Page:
Wednesday, April 7, 2010

Garden Harvest and Greenhouse

So exciting is our first harvest/s (weight in pounds):

Rhubarb (2 pounds)
Asparagus (1 pound)
'New Red Fire' lettuce (0.5)
Mild Mesclun (0.5)
sweet Walla Walla onions (from last fall) (0.5)
Spinach... not enough to weigh.

My plan last week was to delay picking any spinach and wait until it was a bit larger, but yesterday I found that most of it had been eaten (lower left was all that remained). Now what would do a thing like that?

Fresh from the garden to last night's dinner plate: oven-roasted asparagus and a salad of the mesclun, onion, this beautiful burgundy-colored lettuce, with a raspberry vinaigrette, to accompany a grilled Tilapia. Now does it get much better than that?

Off to the potting shed and greenhouse I will go shortly. I've been gradually taking the seedlings from all over the house and repotting them in their new home.

I use the term greenhouse loosely, as it is not in the true sense of the word, but rather a simple addition to our old potting shed. It shares a common (outside) wall, and we purchased very few materials. We had leftover stone (seconds and purchased at a half price sale) from another little garden project and odds and ends of older leftover lumber that were saved and stacked over the years. We purchased 3 large inexpensive windows ($150 each), a new skylight ($150 on Craigslist), and a storm door ($150)... hmm, interesting number for each of those. Although it is some distance from the house, things are much more convenient and organized. We will be most interested to see how everything grows considering it does not have all the light a real greenhouse would have, but so far so good, especially this tomato plant.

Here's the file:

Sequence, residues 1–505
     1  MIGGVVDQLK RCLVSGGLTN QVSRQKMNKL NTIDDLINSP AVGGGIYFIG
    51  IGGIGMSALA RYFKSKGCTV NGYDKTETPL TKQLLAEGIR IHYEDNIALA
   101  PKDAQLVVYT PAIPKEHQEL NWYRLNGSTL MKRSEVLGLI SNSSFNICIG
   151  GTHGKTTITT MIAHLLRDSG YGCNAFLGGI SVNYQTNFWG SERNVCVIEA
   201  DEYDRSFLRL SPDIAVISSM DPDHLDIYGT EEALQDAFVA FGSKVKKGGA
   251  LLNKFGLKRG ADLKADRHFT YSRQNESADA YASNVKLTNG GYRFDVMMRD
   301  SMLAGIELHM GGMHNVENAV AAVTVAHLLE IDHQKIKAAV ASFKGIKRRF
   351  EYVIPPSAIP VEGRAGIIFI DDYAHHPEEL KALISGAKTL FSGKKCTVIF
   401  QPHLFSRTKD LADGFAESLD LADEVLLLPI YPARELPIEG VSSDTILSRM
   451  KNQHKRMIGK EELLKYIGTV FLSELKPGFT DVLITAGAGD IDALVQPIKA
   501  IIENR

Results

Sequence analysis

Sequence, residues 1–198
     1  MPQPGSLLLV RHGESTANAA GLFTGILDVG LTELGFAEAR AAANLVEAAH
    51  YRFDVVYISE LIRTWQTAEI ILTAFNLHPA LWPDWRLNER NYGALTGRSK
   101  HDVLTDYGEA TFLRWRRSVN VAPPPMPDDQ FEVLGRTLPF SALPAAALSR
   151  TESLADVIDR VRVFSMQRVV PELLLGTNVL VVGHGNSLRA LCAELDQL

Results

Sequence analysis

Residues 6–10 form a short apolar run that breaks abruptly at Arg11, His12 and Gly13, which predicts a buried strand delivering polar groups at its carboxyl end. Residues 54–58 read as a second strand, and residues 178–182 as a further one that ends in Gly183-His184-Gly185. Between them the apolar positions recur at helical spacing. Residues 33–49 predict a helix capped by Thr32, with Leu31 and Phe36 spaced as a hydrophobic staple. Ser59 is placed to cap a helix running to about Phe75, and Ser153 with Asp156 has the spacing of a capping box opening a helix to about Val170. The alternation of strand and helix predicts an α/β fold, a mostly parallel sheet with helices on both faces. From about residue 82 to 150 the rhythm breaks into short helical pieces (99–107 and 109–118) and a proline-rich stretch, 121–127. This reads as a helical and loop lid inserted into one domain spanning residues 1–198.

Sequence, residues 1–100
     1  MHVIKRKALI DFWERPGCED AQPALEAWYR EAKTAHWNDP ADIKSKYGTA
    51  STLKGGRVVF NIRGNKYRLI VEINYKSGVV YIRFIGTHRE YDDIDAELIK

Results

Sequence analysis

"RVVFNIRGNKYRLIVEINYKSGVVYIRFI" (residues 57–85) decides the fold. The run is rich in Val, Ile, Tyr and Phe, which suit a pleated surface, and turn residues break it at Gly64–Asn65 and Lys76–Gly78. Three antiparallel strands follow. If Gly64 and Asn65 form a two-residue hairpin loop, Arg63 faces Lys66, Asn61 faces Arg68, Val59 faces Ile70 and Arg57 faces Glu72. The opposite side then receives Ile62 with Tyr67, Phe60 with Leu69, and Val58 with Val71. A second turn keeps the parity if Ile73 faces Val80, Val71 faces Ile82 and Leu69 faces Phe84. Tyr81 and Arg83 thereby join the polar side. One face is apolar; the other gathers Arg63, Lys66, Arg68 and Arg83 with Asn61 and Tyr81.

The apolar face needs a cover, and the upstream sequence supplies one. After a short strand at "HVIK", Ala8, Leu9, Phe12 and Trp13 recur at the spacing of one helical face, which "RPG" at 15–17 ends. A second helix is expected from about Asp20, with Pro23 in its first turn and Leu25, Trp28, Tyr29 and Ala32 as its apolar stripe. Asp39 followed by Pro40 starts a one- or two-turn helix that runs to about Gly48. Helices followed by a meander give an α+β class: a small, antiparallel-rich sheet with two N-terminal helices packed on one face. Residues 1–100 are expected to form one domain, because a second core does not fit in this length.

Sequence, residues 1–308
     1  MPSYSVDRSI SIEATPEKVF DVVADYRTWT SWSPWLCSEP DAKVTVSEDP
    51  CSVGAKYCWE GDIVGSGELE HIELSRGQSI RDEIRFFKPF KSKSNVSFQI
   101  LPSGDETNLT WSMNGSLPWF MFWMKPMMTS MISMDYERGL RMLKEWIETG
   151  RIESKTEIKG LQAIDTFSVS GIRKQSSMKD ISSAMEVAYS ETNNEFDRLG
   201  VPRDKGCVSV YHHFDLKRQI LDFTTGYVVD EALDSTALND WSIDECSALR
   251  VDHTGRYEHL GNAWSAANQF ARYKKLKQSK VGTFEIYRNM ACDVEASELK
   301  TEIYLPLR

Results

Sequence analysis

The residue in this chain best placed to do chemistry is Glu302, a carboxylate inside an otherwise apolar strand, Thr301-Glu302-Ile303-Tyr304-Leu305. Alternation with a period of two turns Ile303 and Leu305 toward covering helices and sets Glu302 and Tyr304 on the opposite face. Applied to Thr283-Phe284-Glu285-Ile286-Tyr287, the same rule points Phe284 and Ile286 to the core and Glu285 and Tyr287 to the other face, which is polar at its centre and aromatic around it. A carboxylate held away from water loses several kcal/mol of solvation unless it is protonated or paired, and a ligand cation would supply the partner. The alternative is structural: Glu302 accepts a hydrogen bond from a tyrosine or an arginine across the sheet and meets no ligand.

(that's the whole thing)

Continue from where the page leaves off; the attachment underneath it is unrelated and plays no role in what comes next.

The story behind the tomato plant: My husband was attending a meeting in Chicago the last week of February. That Friday evening, the 26th, we spoke and discussed our day. I told him I had visited our local hardware store (it's like a Home Depot or Lowes, but much better for there is always a knowledgeable someone waiting to assist) to pick up a bag of potting soil... and of course I might look at more seeds... just look of course.

I proclaimed, Can you believe they already had some tomato plants, rather large ones with a few blossoms, but I wasn't going to spend $3.00 dollars for one.

He asked, How big were they?

Oh, 14 to 16 inches tall.

And they had blossoms?

Yes, three blossoms.
And you wouldn't pay $3.00 for it? That's what it would cost for just a few tomatoes at the market.

When I picked this great guy up at the airport on Sunday, one of the first things I told him, Yes, I went back on Saturday and got the tomato plant.

Stupice, indeterminate: This tomato is the first to bear fruit in the summer and the last at frost in the fall. A potato leaf and with a small sized great-tasting tomato, it now stands about 3 1/2 feet tall, has 45 blossoms and two green tomatoes. Now is that not a smart man to whom I am married? This time, he was right. (wink)